NHL on Sportsnet
NHL on Sportsnet is an upcoming presentation of National Hockey League games to be broadcast by Sportsnet and other networks owned by Rogers Media, to debut at the beginning of the 2014–15 NHL season. The arrangement will supersede the league's previous Canadian broadcast television and cable rights deals with CBC and TSN, that expired at the end of the 2013–14 NHL season, and accompany its existing regional deals with four of Canada's NHL teams.
The deal primarily emphasizes increased access to NHL content in Canada, with plans to leverage Rogers' various broadcast and cable television outlets, along with CBC Television, to air a larger number of NHL games nationally than under existing deals, with plans to nationally televise at least 7 games weekly on Saturday nights through a revised Hockey Night in Canada, along with a new primetime, Sunday night game of the week on City, and exclusivity for games on Sportsnet on Wednesday nights.
First NHL contract
Rogers Media's Sportsnet networks have historically been a prominent broadcaster of the NHL. By the time the regional sports network first launched on October 9, 1998 as CTV Sportsnet, the network had already wrestled the national cable rights to the NHL from long-time holder TSN. From 1998–99 until 2001–02, Sportsnet aired Labatt Blue Tuesday Night Hockey weekly during the regular season, and covered first-round playoff series that did not featue Canadian teams. The network's first live event was an opening night match between the Philadelphia Flyers and New York Rangers. Jim Hughson and Craig Simpson served as the lead broadcast team. Kevin Quinn and Ryan Walter served as the secondary team. Darren Dreger was as the studio host and Greg Millen (1998-1999), joined by other personalities such as Nick Kypreos (1998-2002), and Mike Keenan (1999-2000).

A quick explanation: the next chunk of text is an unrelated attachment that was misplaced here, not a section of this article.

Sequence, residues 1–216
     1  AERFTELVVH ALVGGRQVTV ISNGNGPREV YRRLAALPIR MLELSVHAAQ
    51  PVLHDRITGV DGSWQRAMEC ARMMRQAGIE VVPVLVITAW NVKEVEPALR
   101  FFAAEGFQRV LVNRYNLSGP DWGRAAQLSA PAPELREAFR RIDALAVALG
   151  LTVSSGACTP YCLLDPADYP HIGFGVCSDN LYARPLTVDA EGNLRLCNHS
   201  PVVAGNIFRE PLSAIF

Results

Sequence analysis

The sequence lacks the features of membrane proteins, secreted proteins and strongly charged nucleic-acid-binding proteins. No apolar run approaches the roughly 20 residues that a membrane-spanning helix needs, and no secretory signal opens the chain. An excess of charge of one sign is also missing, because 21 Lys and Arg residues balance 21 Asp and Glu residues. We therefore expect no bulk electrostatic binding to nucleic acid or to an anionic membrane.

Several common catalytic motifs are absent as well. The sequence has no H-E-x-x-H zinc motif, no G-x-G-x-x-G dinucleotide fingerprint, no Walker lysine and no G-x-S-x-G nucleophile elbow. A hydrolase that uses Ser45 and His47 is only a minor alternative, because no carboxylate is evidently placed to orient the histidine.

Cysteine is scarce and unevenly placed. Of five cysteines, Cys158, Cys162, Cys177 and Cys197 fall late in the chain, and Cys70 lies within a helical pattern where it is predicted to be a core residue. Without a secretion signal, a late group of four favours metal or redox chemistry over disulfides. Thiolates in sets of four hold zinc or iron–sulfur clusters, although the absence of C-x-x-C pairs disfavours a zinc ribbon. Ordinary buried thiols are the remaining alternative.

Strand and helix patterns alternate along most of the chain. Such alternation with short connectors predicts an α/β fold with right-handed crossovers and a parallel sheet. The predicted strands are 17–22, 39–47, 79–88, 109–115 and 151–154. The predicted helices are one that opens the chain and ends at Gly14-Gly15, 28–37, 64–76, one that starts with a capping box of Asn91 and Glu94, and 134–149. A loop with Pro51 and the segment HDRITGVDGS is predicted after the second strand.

As reflected by its influence, the Fox Sports Networks (Fox Sports held a minority stake in the channel on launch), Sportsnet and its four regional feeds also picked up regional broadcast rights to other Canadian NHL teams. As of the 2013–14 NHL season, Sportsnet held regional rights to five of the seven Canadian franchises, including the Ottawa Senators, Toronto Maple Leafs (which are jointly owned by Rogers and Bell Canada through a majority stake in MLSE), Edmonton Oilers, Calgary Flames, and Vancouver Canucks. Rights to the remaining two, the Montreal Canadiens and Winnipeg Jets (along with the Ottawa Senators beginning in the 2014–15 season), and national cable rights to the NHL, were held by the competing network TSN. National broadcast television rights were held by CBC Television, who used its rights to broadcast the iconic Hockey Night in Canada on Saturday nights.